Sandy Alderson Stepping Away From Mets for Cancer Treatment
Amid the Mets’ spiraling path to the bottom of the standings, their general manager, Sandy Alderson, announced on Tuesday that he would take a leave of absence, effective immediately, to address a recurrence of cancer. But it might be a permanent departure, he said, because of the current performance of the team he has assembled.
Alderson, 70, who presided over the team’s World Series run in 2015 and wild-card appearance in 2016 as well as its epic collapses this season and last, learned he had cancer in the fall of 2015. Last year, before spring training, he spoke optimistically about his treatment but cautioned that he was undergoing checkups every four months.
“The game continues and we have a season to play,” said Alderson, who fought back tears as he addressed reporters on Tuesday alongside Jeff Wilpon, the Mets’ chief operating officer. “So in the best interests of the Mets and for my health, this is the right result.”
Asked about his desire to return after treatment, Alderson said, “If I were to look at it on the merits, I’m not sure coming back is warranted.”
Alderson, who became the team’s G.M. in 2010, said he had a recurrence of an unspecified form of cancer nearly two months ago. His prognosis was good, he said, and he did not consider stepping down at the time. Since then, he has been quietly undergoing chemotherapy and was expected to have surgery later this summer.
In his place, the team will be led by three executives: John Ricco, the longtime assistant general manager; the special assistant J.P. Ricciardi, a former general manager in Toronto; and Omar Minaya, Alderson’s predecessor as general manager who is now a special assistant. They will guide a team that was once expected to compete for the playoffs but that now carries a 32-45 record after Tuesday’s 4-3, 10-inning win against the Pittsburgh Pirates.
Wilpon would not say when or if Alderson would return, saying his health was the priority. He said the committee of Ricco, Ricciardi and Minaya — not one person — would jointly run the team and come to him for a final say on any action.
“This is a results business,” Wilpon said. “We’re well below our expectations, from ownership on down.”
Alderson had not been traveling with the Mets as often as he used to. As the Mets’ season deteriorated after a promising start, Alderson was often absent, though multiple team officials insisted that he was fine and simply busy with his responsibilities.
Privately, Wilpon knew of Alderson’s change in health. And Alderson admitted on Tuesday that it had been hard to keep up with the pace of the job. Noting the wear and tear on Alderson, Wilpon said he had talked to Alderson about taking a break.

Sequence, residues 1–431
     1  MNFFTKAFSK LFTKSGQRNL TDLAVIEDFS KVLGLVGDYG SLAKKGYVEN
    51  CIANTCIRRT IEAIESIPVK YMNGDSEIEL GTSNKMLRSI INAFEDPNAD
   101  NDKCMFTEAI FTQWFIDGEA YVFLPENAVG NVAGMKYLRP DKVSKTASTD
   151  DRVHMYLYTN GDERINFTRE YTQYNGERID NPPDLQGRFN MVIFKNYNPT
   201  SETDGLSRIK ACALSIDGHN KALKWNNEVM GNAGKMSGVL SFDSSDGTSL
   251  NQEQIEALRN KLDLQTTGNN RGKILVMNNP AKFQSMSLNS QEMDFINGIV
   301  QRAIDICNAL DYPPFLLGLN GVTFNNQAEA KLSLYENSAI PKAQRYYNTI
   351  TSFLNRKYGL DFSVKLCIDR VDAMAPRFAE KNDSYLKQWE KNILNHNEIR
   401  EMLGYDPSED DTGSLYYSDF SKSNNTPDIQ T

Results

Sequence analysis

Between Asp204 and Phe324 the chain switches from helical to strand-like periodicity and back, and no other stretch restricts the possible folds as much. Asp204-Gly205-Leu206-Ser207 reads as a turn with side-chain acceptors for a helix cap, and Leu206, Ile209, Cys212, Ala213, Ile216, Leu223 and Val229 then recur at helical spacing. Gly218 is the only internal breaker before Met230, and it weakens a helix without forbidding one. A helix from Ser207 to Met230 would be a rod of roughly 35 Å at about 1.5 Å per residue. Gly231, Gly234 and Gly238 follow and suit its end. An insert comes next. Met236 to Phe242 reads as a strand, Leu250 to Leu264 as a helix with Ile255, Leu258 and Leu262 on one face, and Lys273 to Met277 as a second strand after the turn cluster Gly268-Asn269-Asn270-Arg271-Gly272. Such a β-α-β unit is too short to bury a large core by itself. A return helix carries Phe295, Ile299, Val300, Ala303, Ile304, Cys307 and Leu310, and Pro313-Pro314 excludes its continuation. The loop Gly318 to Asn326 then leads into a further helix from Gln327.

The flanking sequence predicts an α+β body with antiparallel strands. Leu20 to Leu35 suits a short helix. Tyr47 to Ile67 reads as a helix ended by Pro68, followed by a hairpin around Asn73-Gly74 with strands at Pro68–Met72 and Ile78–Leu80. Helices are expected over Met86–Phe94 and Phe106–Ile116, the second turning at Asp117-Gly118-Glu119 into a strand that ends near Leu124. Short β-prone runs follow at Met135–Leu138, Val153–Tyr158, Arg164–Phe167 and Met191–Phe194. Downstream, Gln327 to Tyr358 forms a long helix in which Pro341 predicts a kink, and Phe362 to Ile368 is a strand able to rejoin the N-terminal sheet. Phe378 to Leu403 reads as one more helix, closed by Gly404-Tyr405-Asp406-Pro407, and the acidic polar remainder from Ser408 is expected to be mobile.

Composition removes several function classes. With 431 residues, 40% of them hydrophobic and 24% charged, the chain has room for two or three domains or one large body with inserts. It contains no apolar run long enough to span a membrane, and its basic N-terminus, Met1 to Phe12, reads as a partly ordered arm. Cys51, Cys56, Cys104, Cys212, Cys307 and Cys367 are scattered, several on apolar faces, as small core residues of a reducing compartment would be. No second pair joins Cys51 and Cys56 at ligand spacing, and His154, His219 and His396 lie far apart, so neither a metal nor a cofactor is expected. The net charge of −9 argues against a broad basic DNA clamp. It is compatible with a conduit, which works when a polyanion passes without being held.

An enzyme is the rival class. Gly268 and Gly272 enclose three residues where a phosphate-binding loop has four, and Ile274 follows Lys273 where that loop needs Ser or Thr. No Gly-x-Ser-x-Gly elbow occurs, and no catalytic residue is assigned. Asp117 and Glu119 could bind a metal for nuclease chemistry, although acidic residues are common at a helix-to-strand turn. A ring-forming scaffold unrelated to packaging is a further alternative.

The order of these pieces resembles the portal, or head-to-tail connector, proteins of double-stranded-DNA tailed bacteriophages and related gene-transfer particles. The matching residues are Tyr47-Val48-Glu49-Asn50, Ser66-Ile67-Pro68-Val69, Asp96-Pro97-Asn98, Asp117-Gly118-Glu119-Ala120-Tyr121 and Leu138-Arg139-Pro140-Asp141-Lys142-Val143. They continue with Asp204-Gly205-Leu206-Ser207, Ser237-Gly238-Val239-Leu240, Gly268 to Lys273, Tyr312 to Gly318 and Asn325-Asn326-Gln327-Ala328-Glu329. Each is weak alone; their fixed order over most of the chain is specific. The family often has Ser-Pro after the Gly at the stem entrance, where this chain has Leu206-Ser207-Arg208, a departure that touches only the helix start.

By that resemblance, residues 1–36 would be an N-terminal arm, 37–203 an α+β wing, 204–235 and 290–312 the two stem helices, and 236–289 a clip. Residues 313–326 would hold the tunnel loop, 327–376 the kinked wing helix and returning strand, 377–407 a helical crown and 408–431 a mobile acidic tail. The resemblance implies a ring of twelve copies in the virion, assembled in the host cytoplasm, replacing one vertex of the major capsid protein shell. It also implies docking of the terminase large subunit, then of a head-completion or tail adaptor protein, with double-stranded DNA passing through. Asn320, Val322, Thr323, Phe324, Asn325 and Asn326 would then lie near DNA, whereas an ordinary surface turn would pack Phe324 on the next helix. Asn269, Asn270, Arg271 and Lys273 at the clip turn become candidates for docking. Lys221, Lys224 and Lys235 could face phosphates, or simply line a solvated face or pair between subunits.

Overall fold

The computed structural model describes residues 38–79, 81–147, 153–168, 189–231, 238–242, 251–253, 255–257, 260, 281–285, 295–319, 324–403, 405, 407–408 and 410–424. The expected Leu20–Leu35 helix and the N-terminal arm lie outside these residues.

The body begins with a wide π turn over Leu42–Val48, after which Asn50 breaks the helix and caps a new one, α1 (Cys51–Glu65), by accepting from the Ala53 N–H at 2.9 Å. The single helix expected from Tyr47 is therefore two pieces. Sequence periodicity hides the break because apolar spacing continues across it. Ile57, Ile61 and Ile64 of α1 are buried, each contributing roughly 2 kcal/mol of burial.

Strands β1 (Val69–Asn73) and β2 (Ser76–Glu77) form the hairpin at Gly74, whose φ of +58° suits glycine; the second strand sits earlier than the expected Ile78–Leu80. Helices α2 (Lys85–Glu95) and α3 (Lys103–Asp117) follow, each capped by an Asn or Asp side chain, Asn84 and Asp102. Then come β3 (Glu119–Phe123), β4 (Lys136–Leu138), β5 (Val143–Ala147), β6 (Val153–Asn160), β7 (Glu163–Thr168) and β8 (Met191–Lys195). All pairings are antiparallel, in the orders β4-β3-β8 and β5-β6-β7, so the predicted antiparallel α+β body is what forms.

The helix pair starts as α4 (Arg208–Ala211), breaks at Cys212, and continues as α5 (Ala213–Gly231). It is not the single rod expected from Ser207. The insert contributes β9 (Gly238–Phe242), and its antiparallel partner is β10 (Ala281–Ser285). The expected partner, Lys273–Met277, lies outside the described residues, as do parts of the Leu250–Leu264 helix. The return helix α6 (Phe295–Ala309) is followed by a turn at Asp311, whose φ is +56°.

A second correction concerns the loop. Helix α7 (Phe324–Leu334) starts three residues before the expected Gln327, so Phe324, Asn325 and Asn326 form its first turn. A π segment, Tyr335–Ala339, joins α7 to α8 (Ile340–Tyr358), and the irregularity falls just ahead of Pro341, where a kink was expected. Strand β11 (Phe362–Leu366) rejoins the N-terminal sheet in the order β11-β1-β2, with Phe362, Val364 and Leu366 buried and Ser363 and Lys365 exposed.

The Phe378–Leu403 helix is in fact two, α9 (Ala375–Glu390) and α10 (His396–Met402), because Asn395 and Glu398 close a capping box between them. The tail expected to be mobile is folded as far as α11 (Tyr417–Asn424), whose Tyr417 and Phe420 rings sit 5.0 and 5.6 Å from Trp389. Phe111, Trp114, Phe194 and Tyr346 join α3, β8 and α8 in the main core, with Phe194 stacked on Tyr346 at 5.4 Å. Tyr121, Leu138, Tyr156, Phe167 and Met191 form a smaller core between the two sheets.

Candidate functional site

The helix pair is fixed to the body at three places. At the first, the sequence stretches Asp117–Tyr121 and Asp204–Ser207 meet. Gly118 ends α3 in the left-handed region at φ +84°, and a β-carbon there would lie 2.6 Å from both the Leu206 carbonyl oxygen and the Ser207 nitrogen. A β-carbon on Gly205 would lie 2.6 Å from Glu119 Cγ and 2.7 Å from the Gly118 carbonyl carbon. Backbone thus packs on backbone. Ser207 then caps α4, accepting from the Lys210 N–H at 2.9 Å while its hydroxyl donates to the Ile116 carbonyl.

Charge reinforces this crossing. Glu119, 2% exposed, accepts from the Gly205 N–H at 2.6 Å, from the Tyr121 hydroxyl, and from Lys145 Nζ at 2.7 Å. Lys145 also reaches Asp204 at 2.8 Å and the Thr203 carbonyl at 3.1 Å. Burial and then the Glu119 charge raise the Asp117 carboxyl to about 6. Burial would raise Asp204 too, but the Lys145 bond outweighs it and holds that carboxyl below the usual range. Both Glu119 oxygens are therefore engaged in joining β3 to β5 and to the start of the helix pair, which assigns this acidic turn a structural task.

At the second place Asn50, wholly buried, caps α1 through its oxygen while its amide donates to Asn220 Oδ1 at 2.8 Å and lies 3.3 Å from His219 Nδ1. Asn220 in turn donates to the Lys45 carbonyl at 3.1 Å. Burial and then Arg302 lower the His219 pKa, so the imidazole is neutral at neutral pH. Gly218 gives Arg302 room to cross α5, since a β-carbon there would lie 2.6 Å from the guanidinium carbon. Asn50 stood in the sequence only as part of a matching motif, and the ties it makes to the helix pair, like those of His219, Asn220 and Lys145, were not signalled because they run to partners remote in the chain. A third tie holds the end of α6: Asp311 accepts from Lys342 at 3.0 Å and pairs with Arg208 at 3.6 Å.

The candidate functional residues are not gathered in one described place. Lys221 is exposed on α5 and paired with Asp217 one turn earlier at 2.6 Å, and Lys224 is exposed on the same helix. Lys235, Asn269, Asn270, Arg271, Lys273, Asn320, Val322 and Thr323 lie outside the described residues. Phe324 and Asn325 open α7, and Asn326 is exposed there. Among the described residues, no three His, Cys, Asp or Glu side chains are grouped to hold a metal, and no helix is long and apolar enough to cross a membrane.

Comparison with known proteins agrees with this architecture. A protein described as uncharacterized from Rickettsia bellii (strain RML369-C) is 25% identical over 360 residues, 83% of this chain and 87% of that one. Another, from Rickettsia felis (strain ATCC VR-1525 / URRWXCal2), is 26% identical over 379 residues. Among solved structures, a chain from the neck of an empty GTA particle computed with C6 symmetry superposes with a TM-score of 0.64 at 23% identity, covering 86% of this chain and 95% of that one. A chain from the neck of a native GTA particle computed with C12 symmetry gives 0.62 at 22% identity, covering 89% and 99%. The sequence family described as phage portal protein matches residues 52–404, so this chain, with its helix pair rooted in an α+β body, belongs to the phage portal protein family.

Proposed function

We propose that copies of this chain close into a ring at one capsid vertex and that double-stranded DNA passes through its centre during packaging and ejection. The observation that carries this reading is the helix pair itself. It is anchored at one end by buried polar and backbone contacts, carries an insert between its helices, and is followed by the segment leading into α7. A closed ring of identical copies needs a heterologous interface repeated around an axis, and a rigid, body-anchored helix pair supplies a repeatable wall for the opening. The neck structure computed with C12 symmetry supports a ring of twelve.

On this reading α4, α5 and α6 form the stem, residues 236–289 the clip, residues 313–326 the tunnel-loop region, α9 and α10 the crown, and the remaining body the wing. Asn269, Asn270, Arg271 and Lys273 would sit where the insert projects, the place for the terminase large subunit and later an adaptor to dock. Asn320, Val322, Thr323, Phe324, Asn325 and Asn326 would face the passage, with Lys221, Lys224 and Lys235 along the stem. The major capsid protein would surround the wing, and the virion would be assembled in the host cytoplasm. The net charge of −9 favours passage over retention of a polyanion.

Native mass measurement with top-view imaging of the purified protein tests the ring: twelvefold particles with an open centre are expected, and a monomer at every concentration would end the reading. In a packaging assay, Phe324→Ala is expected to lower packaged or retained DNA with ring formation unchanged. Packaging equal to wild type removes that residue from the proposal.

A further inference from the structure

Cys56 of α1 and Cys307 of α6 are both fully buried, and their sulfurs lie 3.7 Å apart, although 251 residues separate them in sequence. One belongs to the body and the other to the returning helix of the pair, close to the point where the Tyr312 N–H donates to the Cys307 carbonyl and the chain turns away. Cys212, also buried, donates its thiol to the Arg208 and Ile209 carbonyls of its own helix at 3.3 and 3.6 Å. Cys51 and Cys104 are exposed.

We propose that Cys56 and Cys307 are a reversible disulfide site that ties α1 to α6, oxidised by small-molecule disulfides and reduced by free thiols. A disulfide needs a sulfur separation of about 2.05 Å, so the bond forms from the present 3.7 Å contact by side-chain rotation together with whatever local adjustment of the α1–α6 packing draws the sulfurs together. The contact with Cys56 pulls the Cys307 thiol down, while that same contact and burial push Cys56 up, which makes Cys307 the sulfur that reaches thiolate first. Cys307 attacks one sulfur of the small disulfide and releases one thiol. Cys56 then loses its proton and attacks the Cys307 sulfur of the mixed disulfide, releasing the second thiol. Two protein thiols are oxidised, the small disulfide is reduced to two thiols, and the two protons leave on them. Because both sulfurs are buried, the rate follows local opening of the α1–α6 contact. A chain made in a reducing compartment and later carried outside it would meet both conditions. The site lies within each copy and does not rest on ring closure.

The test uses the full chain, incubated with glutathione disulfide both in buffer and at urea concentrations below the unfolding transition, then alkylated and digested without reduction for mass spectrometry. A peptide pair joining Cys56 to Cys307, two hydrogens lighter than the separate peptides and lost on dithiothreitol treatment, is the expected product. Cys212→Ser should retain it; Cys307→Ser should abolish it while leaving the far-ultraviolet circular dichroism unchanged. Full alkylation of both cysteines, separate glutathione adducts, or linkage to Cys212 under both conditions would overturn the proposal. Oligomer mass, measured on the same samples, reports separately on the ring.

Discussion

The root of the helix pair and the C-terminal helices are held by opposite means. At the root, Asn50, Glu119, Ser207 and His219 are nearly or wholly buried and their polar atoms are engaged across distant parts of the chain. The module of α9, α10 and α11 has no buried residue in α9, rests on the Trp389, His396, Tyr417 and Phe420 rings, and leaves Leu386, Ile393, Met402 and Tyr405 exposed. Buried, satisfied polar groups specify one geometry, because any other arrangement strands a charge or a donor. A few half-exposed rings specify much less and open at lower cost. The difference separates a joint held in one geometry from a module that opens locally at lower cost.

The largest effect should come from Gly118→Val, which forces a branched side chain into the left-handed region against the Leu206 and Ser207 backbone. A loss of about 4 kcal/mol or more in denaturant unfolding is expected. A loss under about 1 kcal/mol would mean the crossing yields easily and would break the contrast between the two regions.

On Sunday, Wilpon said, Alderson met with him and told him of his decision to step away. Wilpon said he believe the team of Ricco, Riccardi and Minaya could provide fresh ideas on improving the team.
After 92 losses in the 2017 season, the Mets replaced their manager, Terry Collins, but Alderson was given a two-year extension to correct the team’s course. The Mets overhauled their medical staff and spent $89 million on six free agents, though all six were over 30 years old.
But now, three months into the season, the Mets have been derailed by injuries, poor performances by players young and old, and a weak farm system. Alderson blamed himself, too.
“I wouldn’t call those mistakes,” he said of the free agents. “But they certainly did not turn out as well as we had hoped.”
Alderson, a former lawyer and longtime baseball executive, is the oldest general manager in baseball.
He left the Major League Baseball commissioner’s office to lead the Mets in 2010 during their economic troubles brought on by the Bernard L. Madoff scandal. He guided the Mets to two straight winning seasons in 2015 and 2016 before they returned to losing the last two seasons.
Before he spoke to reporters, Alderson tearfully addressed the team’s players, who gave him a standing ovation after he finished speaking. And Mets Manager Mickey Callaway’s voice quivered as he talked about Alderson before Tuesday’s game.
“We’re going to be there for Sandy as much as Sandy’s been there for us,” David Wright, the team captain, said. “A lot of times he has taken the heat on our behalf.”
Steven Matz, who pitched seven innings on Tuesday, said the news both put the game against Pittsburgh into perspective and added some incentive. “That was just not news you want to hear,” he said after the game. “Obviously I’m here and we’re all here because he believed in us. I think for me personally, and especially now under these circumstances I want to prove that he was right. So there was definitely extra emotion out there.”
When discussing his cancer treatment during spring training last year, Alderson said that although he had regained 25 pounds he had lost during 20 weeks of chemotherapy and two surgeries, he was reluctant to declare himself healthy.
“That’s not a victory,” Alderson said. “It’s a temporary certification. A four-month deferral, perhaps.”
And on Tuesday, Alderson could not offer much insight into his future.
“None of us writes his or her script,” he said. “We deal with circumstances as they arise. And I’m grateful for all the opportunities I’ve had here and in the game, and for whatever opportunities may arise in the future. But this is a dizzy world.”